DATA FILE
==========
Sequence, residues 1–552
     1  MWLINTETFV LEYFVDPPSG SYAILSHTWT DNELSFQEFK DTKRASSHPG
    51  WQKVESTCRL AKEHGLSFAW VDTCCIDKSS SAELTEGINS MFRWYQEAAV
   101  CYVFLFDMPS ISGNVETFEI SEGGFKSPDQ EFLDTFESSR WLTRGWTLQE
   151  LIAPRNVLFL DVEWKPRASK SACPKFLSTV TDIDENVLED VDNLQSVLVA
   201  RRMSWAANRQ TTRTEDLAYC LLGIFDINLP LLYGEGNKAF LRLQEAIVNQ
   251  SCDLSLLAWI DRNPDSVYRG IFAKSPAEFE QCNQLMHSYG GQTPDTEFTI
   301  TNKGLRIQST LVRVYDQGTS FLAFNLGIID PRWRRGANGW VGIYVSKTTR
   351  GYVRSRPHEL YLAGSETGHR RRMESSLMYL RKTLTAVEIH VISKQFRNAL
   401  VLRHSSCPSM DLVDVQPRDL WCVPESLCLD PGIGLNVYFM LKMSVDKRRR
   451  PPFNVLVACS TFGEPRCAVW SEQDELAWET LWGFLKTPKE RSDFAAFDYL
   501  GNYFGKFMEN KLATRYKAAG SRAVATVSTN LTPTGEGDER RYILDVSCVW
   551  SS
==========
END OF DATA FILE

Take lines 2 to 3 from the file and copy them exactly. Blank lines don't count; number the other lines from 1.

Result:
     1  MWLINTETFV LEYFVDPPSG SYAILSHTWT DNELSFQEFK DTKRASSHPG
    51  WQKVESTCRL AKEHGLSFAW VDTCCIDKSS SAELTEGINS MFRWYQEAAV